MEXICO — The monsoon rains had been slow in coming. The heat built and there were clouds in the white-hot sky but the rains did not come. People died in their houses and in the streets. Everyone looked to the sky.

Now, during our last hours in India, storms lashed the windows.

Impending change sends enough adrenaline into your system that you can maneuver through the coming obstacles no matter the time of day, no matter how heavy the baggage. You feel yourself begin to fade into a transitory state. You physically exist in one place but your soul is moving ahead to another.

Finally, that moment comes when you inhabit only the present. You check your pockets, extend the handles on your suitcases, round up your people and your things. You look around a space you called home, knowing you will never return. You lock the door behind you a final time and take the first step of the voyage.

We ferried our bags to the lobby of our home of two years: eight rolling duffels, two strollers, two car seats, a child carrier backpack and a collection of carry-ons. The rain fell in a solid sheet. The van pulled under the overhang but we were half-soaked by the time everything was loaded. I banged shut the sliding door and had never been more ready to leave a place. We pulled out and I tried to feel sad.

All I felt was fatigue and dull relief.

For the two preceding monsoons, I had worked on a series of abstract photos shot through rain-smeared windows. I didn’t feel like it but this was it, these were my last moments in Mumbai, and I didn’t feel like looking upon it with nostalgia. So I put my camera to my eye and shot frame after frame, dark, blurred images running with obscure colors and electric stained shadows.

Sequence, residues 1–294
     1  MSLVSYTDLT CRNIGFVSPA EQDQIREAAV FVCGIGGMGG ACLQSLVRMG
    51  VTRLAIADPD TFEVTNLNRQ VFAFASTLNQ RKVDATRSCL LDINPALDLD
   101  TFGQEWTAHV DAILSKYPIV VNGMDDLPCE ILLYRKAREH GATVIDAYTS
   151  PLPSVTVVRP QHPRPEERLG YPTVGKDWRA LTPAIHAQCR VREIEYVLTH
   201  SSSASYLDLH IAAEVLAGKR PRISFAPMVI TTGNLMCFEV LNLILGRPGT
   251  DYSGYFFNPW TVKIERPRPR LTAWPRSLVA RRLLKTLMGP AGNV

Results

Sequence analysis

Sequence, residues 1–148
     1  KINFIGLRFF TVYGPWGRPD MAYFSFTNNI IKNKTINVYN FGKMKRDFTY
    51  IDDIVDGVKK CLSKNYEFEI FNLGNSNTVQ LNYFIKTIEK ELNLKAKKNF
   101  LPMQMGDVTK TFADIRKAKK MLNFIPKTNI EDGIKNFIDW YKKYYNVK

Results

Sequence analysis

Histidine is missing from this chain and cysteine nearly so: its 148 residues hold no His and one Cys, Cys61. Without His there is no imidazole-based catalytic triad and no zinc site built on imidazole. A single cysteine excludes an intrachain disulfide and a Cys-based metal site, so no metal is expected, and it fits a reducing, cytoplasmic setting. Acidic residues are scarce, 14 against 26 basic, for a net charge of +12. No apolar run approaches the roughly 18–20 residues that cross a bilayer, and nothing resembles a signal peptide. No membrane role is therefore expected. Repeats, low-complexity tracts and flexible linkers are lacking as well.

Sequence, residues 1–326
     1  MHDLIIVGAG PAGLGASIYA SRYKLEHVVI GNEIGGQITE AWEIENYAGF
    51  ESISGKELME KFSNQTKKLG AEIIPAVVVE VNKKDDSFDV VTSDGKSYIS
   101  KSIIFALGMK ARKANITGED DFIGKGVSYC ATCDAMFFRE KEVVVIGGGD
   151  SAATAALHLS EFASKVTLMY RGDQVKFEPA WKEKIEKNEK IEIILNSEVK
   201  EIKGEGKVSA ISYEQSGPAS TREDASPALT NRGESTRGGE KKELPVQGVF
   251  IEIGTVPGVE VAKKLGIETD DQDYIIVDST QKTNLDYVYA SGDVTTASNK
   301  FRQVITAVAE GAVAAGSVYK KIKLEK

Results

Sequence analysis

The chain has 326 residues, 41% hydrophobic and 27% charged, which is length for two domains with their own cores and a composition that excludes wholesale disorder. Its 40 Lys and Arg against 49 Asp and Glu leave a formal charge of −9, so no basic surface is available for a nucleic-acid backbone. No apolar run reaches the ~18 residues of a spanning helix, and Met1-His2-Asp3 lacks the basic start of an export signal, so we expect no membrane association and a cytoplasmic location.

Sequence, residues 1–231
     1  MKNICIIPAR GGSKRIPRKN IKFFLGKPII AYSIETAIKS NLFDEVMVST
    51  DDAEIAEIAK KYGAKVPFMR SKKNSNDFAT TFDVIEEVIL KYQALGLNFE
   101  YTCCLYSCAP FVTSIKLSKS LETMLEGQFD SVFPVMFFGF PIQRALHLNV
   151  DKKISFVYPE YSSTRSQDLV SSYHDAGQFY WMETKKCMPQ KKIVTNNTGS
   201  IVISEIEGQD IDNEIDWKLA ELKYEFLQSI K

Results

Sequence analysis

We turned off NM Joshi Marg and drove past the notorious Arthur Road jail, through Jakob’s Circle, and onto Worli Seaface. Then we were on the Sealink Bridge with the black void of the Arabian Sea to our left. I remembered arriving two years before when the midnight city was on our left and how I had imagined this moment of departure that would surely come.

I took my last photo somewhere in Bandra and it is just a dark messy blur. Then we were in front of the airport. Then we were checking our bags. Then we were going through security…then we waited for our flight.

One of my favorite states is being through security with time to drink a cup of coffee, when you cannot go backwards and it is not yet time to go forward. I was just beginning to enjoy the process of the journey. My four-year-old son told me he was hungry. There was nothing to eat but tired pastries at the coffee stand but I got in line holding him. An expensively dressed woman pushed in front of me. She looked me in the eye, daring me to say anything. In a calm voice I told her what she was. The shock on her face was of someone who had never been spoken to in such a way. I bade her a goodnight and walked away with a still hungry child.

I didn’t feel good and I didn’t feel bad and the rain rolled down the airport windows.

We boarded the full plane. I normally look at the crowd and wonder if these are the faces of people I am going to die with. This time I looked at all those faces and wondered the same thing and found that I didn’t care. I was filled with the awful, singular thought that none of us are very special. If we were blown out of the sky it would not change much at all.

A few hundred out of all the multitudes, soon to be forgotten.

A few days ago I was dying. In the morning I coughed blood and in the evening I was lying on the marble floor of the bathroom barely able to move, covered in the thin black vomit I had thrown up over my feet and legs. India had been trying to kill me for two years but in a desultory fashion. Realizing I was about to escape, it redoubled its efforts, sending waves of plagues in a last ditch effort to do me in. The doctors diagnosed walking pneumonia and figured the antibiotics would also kill whatever was making me vomit black water. They were right but it would be a year before I felt fully healthy again.